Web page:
Aecom chief executive for the UK and Ireland, Patrick Flaherty, says Khan needs to build a more integrated strategy, with his alliance spanning across a wider geographical area: “London needs a proactive strategy for growth that integrates house-building with infrastructure development and employment opportunities. Addressing the housing crisis will require the new mayor to wield influence across a much wider region. He must collaborate with and influence local authorities surrounding the capital to share in economic growth and be prepared to look beyond their own local housing needs," Flaherty says.

The property investment services firm JLL says Khan faces a tough challenge to balance the needs of business and investors with those of social housing. JLL's head of residential research, Adam Challis, says: “Khan has said he will use mayoral planning powers to stop 'buy-to-leave' and vowed to stop homes being sold off in advance to foreign investors. Restricting demand is a quick way to compromise the viability and deliverability of new developments.  The industry is already signed up to the mayor’s ‘London first’ concordat for sales, which commits to give Londoners first option on new homes in the capital and which we wholeheartedly support.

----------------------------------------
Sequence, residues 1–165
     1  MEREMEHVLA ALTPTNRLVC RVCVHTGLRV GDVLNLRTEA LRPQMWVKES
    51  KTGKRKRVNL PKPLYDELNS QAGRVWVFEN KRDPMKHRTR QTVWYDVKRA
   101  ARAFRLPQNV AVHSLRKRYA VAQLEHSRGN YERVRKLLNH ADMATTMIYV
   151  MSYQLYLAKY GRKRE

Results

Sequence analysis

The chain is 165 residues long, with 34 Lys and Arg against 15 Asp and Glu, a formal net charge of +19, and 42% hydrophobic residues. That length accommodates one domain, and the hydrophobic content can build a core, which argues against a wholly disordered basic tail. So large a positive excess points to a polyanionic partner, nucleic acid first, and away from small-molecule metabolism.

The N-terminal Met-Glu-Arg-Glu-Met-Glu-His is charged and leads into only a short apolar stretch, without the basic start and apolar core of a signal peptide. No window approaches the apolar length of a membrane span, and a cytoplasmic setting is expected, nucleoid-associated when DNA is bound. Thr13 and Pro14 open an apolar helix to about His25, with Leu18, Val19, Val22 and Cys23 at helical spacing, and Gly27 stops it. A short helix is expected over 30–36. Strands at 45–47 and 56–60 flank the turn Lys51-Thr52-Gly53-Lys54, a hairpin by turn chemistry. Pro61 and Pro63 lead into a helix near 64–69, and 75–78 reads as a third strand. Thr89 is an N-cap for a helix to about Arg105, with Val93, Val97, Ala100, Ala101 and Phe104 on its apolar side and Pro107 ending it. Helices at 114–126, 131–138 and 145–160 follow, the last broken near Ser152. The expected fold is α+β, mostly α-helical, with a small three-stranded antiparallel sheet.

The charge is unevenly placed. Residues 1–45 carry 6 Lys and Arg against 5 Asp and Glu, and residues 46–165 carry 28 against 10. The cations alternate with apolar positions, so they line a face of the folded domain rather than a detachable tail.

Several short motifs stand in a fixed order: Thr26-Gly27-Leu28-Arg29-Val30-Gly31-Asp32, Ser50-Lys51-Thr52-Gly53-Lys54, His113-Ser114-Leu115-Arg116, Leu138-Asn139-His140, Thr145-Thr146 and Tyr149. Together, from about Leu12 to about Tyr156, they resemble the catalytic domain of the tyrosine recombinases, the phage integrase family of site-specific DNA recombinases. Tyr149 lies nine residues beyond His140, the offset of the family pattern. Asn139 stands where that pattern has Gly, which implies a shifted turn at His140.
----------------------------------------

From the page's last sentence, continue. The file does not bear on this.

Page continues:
“Action to restrict overseas investors would simply destroy the viability of most schemes, and would reduce, not increase, the level of affordable housing delivery.  We should remember that Ken Livingstone had this aim and never got close to implementing it."

2. Freeze transport fares

This will not be easy given that Transport for London has to find ways of cutting expenditure or raising funds to fill a £2.8bn reduction in its revenue funding settlement from central government. Khan has committed to freezing fares for the next four years, which he says he will do principally by making TfL a more efficient operation. Speaking to the London Assembly Budget Performance Committee earlier this year, transport commissioner Mike Brown said it is "highly unlikely" that fare freezes will be possible after efficiency savings have been made without cuts to TfL's programme of capital improvement projects .